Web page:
Bumpers, quilts, pillows and stuffed animals should never be in baby’s crib.  They are all too soft and fluffy for an infant. and they pose a suffocation hazard for your baby.  When your baby is old enough to be put in the toddler bed, you can start allowing soft items.  Recently, the Juvinille Products Safety Commission admitted that it could not show any proof that bumpers keep a baby safe from getting arms or legs stuck in the crib slats nor could they prove that bumpers keep baby safe from head injury.  Unfortunately, the Consumer Product Safety Commission and SIDS researchers can prove that bumpers have been directly responsible for the deaths of some infants.  They may be cute, but the are not worth the risk to your baby.

After baby is born, just a few more simple behaviors for parents:

  1. But baby on his or her back alone in the crib.
  2. Use a pacifier after breastfeeding is firmly established for sleep times.
  3. Do not cover baby’s head with hats or blankets.
  4. Put baby in a wearable sleep sack or feetie jammies rather than using blankets.
  5. Swaddle baby if needed, but only up to 6 weeks…and remember to dress baby lighter since you hold in body heat with the blanket.
  6. Get baby all recommended vacinnations.
  7. Never put baby on an adult surface like a couch or adult bed to sleep.

That’s it! You have all the tools needed to keep your baby safe from both SIDS and other sleep related deaths.  Oh, don’t forget that baby needs good tummy time when awake for proper development.  Enjoy your baby!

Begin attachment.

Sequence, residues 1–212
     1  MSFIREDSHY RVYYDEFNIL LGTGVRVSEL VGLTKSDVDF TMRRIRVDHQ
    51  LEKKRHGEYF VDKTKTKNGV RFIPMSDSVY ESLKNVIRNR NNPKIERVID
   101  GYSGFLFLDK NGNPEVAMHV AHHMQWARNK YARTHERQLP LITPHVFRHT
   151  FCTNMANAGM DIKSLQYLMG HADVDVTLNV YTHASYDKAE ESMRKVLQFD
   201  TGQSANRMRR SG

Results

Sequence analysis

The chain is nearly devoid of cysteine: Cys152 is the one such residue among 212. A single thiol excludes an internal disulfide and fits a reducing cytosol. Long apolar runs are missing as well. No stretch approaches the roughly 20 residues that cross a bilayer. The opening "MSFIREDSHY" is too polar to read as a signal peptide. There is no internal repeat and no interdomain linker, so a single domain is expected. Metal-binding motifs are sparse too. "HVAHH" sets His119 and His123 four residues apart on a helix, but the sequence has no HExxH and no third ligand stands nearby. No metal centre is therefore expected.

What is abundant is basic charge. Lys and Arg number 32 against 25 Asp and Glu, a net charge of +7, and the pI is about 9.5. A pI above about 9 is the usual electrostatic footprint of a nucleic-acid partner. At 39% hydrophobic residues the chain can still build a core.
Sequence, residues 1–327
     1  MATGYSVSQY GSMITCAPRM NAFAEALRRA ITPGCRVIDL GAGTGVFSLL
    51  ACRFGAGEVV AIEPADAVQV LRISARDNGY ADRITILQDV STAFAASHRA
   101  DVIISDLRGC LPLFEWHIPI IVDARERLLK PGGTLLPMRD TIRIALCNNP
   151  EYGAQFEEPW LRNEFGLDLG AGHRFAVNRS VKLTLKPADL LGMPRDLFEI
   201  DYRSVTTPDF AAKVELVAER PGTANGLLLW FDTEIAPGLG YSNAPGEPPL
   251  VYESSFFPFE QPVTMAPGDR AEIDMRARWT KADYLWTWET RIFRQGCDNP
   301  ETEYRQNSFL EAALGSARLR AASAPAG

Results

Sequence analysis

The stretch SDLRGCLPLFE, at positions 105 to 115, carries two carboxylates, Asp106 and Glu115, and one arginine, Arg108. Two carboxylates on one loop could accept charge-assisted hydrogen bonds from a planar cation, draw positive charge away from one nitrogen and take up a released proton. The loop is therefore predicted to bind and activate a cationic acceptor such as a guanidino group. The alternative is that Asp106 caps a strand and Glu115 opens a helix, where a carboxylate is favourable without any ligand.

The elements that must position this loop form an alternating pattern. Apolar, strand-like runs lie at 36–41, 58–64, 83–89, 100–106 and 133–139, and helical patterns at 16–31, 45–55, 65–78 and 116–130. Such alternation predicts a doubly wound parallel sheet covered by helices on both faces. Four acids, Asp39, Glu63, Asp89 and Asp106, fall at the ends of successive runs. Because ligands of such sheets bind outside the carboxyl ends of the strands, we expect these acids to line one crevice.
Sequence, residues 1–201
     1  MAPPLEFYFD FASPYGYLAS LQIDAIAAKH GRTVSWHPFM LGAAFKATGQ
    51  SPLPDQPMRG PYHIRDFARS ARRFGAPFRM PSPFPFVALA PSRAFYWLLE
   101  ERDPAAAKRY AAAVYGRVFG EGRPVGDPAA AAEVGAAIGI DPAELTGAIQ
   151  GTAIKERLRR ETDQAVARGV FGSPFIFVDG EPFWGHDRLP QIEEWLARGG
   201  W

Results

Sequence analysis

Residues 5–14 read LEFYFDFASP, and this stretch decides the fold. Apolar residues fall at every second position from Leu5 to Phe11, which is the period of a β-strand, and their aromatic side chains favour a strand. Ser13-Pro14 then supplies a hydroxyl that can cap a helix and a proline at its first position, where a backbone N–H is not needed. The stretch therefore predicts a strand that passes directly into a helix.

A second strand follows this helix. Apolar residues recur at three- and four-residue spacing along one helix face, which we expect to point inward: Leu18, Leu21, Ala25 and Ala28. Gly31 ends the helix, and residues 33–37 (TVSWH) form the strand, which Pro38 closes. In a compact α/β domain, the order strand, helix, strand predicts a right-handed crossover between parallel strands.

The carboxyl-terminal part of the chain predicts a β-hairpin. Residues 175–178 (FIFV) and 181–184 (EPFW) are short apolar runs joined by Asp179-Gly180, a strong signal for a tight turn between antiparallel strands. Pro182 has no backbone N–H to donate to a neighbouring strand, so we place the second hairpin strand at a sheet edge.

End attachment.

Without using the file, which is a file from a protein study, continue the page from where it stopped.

For more tips, follow me on Facebook.

 

Vulnerable Babies Sleep in Pepi-Pod

The 2011 Christchurch New Zealand earthquake created an immediate crisis for the regions vulnerable newborn babies.  There was no safe place for babies to sleep.  This was seen as a public health crisis and the Pepi-Pod was born.  (Pepi means Baby in Maori.) The pēpi-pod package was quickly assembled as an emergency response to the increased risks to babies, posed by disrupted living and sleeping conditions in families, and as support for their fearful parents.  A pepi-pod is a general purpose storage box that converts to a baby sized bed with the addition of an attractive cover, fitting mattress and bedding. It offers babies a safe space when they sleep in, or on, an adult bed, on a couch, in a makeshift setting, or away from home. These are situations with a higher risk of accidental suffocation for babies.

Face Up, Face Clear

Volunteers from all over the country started sewing the covers needed for creating these pods.  Each volunteer used whatever fabric they had available. A complete package of pod, mattress, cover, 2 base sheets, 2 wrap around ‘settling’ sheets, and a double layer merino blanket for each needy family.  Blankets needed to be provided because heat was uncertain in post-quake Christchurch.   Each family receiving a Pepi-Pod received  a thorough safety briefing reinforcing the need to sleep babies on their backs with their faces clear of blankets, smoke-free environment and in their pepi-pod for every sleep.

While I have some concerns about placing these pods in the adult bed, this was a brilliant solution to an immediate public health crisis for infants.  Placing an infant in a pod such as these was certainly safer than placing them on a mattress with the entire family in post-earthquake New Zealand and best of all, to get one, the parents had to have one-on-one safe sleep training.

I’ve been trying to work.  I’ve been trying to sleep.  I’ve been trying to clean the house and cook for my family.  I’ve not been very successful at any of those things.  In my mind I keep hearing “It’s been 21 years.”